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- Irish Race in the Past and the Present - 5/134 -
of Tyrone--at the end of her long reign, after nearly a hundred years of Protestantism, only sixty Irishmen of all classes had received the new religion.
At first, the struggle assumed a character more political than religious, and Queen Elizabeth did her best to give it, apparently, that character. But for her, religion meant politics; and, had the Irish consented to accept the religious changes introduced by her father and herself, there would have been no question of "rebellion," and no army would have been sent to crush it. The Irish chieftains knew this well; hence, whenever the queen came to terms with them, the first article on which they invariably insisted was the freedom of their religion.
But, under the Stuarts, and later on, the mask was entirely thrown aside, and the question between England and Ireland reduced itself, we may say, to one of religion merely. All the political entanglements in which the Irish found themselves involved by their loyalty to the Stuarts and their opposition to the Roundheads, never constituted the chief difficulty of their position. They were "Papists:" this was their great crime in the eyes of their enemies. Cromwell would certainly never have endeavored to exterminate them as he did, had they apostatized and become ranting Puritans. One of our main points in the following pages will be to give prominence to this view of the question. If it had been understood from the first, the army of heroes who died for their God and their country would long ere this have been enrolled in the number of Christian martyrs.
The subsequent policy of England, chiefly after the English Revolution of 1688 and the defeat of James II., clearly shows the soundness of our interpretation of history. The "penal code," under Queen Anne, and later on, at least has the merit of being free from hypocrisy and cant. It is an open religious persecution, as, in fact, it had been from the beginning.
We shall have, therefore, before our eyes the great spectacle of a nation suffering a martyrdom of three centuries. All the persecutions of the Christians under the Roman emperors pale before this long era of penalty and blood. The Irish, by numerous decrees of English kings and parliaments, were deprived of every thing which a man not guilty of crime has a right to enjoy. Land, citizenship, the right of education, of acquiring property, of living on their own soil--every thing was denied them, and death in every form was decreed, in every line of the new Protestant code, to men, women, and even children, whose only crime consisted in remaining faithful to their religion.
But chiefly during the Cromwellian war and the nine years of the Protector's reign were they doomed to absolute, unrelenting destruction. Never has any thing in the whole history of mankind equalled it in horror, unless the devastation of Asia and Eastern Europe under Zengis and Timour.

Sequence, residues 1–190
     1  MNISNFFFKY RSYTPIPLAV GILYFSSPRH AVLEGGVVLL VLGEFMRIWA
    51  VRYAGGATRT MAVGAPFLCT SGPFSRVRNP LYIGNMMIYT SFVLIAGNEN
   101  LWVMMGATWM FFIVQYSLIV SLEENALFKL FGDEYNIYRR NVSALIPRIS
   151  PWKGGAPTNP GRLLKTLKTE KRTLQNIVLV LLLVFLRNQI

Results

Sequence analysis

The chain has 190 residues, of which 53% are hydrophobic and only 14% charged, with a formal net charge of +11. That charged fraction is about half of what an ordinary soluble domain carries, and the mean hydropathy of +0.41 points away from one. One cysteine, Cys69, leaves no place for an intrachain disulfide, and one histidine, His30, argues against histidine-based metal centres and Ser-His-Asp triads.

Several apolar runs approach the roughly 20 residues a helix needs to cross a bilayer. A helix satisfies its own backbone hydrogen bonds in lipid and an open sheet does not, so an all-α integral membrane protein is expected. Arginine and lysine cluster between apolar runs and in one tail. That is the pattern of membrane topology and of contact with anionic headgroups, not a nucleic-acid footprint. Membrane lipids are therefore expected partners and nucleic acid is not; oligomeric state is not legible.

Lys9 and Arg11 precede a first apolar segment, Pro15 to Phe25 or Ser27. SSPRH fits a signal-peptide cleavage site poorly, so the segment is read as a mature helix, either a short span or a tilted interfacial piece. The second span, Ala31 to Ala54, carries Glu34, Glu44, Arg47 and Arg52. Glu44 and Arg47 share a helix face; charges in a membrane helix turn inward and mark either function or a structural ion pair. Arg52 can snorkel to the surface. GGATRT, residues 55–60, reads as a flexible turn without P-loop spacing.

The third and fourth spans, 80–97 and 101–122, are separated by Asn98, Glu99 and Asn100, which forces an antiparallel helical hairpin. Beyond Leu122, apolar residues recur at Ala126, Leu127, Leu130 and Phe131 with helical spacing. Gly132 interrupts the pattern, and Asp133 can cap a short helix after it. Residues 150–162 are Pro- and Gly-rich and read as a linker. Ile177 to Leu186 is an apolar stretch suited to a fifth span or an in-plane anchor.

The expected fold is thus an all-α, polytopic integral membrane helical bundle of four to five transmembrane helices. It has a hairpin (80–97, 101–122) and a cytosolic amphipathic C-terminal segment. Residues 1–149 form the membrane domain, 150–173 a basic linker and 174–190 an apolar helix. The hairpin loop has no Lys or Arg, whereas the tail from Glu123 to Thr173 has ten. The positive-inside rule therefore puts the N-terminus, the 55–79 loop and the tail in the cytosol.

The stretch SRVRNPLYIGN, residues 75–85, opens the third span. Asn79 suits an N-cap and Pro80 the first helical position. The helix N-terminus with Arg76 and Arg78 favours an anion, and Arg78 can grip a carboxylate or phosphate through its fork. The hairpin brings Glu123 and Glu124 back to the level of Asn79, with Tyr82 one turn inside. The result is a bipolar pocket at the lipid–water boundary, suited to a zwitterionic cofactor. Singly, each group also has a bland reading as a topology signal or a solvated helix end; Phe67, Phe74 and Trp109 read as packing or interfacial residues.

There is, therefore, at the bottom of the Irish character, hidden under an appearance of light-headedness, mutability of feeling--nay, at times, futility and even childishness--a depth of according to the eternal laws which God gave to mankind. Nothing else is in their mind; they are pursuing no guilty and shadowy Utopia. Who knows, then, whether their small island may not yet become the beacon-light which, guiding other nations, shall at a future day save Europe from the universal shipwreck which threatens her? The providential mission of Ireland is far from being accomplished, and men may yet see that not in vain has she been tried so long in the crucible of affliction.
Another part of the providential plan as affecting her will show itself, and excite our admiration, in the latter portion of the work we undertake.
The Irish are no longer confined to the small island which gave them birth. From the beginning of their great woes, they have known the bitterness of exile. Their nobility were the first to leave in a body a land wherein they could no longer exist; and, during the seventeenth and eighteenth centuries, they made the Irish name illustrious on all the battle-fields of Europe. At the same time, many of their priests and monks, unable longer to labor among their countrymen, spent their lives in the libraries, of Italy, Belgium, and Spain, and gave to the world those immense works so precious now to the antiquarian and historian. Every one knows what Montalembert, in particular, found in them. They may be said to have preserved the annals of their nation from total ruin; and the names of the O'Clearys, of Ward and Wadding, of Colgan and Lynch, are becoming better known and appreciated every day, as their voluminous works are more studied and better understood.